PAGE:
India as a responsible nuclear weapon state has reiterated its position of no first use of nuclear weapons and said it is committed as per its nuclear doctrine to maintain credible minimum deterrence with the posture of no-first-use and non-use against non-nuclear-weapon states, Foreign Secretary Harsh Shiringla said on Monday.
Addressing a high-level segment conference on Disarmament under the Presidency of Brazil, Shringla said, India is committed to the goal of universal, non-discriminatory and verifiable nuclear disarmament.
"Our call for the complete elimination of nuclear weapons through a step-by-step process, as also outlined in our Working Paper on Nuclear Disarmament submitted to the Conference of Disarmament in 2007 (CD) has enduring relevance," he said.
India reiterates its call to undertake the steps outlined in the Working Paper, including negotiation in the CD of a Comprehensive Nuclear Weapons Convention, the foreign secretary added.
New Delhi has also expressed support for negotiations of the Fissile Material Cutoff Treaty (FMCT).
"India has supported the immediate commencement of negotiations in the CD on a Fissile Material Cutoff Treaty (FMCT) on the basis of CD/1299 and the mandate contained therein, which remains the most suitable basis for negotiations. I reaffirm today, India's readiness to participate in FMCT negotiations in the CD," Shringla said.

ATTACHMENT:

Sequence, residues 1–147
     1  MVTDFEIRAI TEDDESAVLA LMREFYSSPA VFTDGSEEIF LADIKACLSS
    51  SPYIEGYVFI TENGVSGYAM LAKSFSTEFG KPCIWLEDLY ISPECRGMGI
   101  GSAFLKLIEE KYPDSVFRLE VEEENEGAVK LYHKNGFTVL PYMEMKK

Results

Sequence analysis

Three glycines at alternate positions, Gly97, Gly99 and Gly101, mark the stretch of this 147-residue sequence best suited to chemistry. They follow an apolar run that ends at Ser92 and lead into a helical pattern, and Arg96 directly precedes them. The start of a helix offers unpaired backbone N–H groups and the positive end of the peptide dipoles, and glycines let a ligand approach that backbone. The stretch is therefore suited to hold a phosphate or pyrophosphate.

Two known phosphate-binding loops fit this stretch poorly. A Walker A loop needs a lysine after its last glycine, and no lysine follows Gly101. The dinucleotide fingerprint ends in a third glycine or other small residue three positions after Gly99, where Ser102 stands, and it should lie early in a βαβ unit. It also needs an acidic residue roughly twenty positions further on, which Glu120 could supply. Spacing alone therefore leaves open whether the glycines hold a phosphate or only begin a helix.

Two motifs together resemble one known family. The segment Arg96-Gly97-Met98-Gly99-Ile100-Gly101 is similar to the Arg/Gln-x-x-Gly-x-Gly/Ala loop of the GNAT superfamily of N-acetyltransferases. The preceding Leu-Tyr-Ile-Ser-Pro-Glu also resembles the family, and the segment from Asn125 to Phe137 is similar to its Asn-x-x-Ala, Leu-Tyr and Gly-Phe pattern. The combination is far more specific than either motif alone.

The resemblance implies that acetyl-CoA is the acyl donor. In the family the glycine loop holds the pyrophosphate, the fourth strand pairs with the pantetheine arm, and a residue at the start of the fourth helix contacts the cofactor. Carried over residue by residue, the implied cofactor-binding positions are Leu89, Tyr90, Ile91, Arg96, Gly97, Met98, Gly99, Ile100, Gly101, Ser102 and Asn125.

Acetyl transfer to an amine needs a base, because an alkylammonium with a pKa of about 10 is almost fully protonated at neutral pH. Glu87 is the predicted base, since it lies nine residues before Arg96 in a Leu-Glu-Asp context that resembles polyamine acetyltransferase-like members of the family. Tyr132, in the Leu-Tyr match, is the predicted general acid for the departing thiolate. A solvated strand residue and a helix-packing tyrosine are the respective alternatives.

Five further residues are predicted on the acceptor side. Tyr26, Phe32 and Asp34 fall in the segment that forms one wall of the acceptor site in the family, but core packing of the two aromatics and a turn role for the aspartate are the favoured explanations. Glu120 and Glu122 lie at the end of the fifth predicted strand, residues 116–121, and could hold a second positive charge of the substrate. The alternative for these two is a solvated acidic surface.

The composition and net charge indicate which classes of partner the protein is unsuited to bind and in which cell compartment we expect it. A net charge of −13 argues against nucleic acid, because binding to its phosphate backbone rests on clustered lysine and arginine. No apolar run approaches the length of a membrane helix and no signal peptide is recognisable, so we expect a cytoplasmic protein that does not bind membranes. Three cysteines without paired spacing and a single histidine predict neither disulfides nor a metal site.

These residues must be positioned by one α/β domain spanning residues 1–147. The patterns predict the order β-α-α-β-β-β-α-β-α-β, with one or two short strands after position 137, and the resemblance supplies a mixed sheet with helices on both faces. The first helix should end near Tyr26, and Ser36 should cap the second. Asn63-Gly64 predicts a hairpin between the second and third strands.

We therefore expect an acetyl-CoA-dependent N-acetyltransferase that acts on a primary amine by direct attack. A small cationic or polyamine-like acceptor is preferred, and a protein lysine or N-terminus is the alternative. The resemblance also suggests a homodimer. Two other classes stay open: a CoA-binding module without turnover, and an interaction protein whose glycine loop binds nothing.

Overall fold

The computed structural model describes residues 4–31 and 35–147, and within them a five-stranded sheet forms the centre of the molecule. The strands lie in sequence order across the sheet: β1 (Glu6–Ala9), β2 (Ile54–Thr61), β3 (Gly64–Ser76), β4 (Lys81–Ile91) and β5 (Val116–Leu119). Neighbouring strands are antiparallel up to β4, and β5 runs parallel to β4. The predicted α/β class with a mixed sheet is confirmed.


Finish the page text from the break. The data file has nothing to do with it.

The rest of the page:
India also underlined the issue of the arms race in outer space in the conference and urged members to start negotiations on the legally binding instrument, the foreign secretary said.
"Prevention of an Arms Race in Outer Space (PAROS), is another long-standing item on the CD's agenda. India looks forward to an early start of negotiations of a legally binding instrument on PAROS to address pressing issues relating to space security.
A fissile material cut-off treaty (FMCT) is a proposed international pact that would stop the production of highly-enriched urum (HEU) and plutonium. Several discussions on this subject have taken place at the UN Conference on Disarmament (CD ) but the stalemate continues as the CD a body of 65 nations operates by consensus.
Shringla said that this conference has been plagued for too long by fear, suspicion, and mistrust.
"As Mahatma Gandhi said, the only cure for fear is faith; for suspicion, sincerity; and for mistrust, trust," he said
"This is just what the Conference needs today, to break its long deadlock and make concrete progress. India stands ready to play its role and work with fellow member states to achieve our collective objectives," he added.
( With inputs from ANI )
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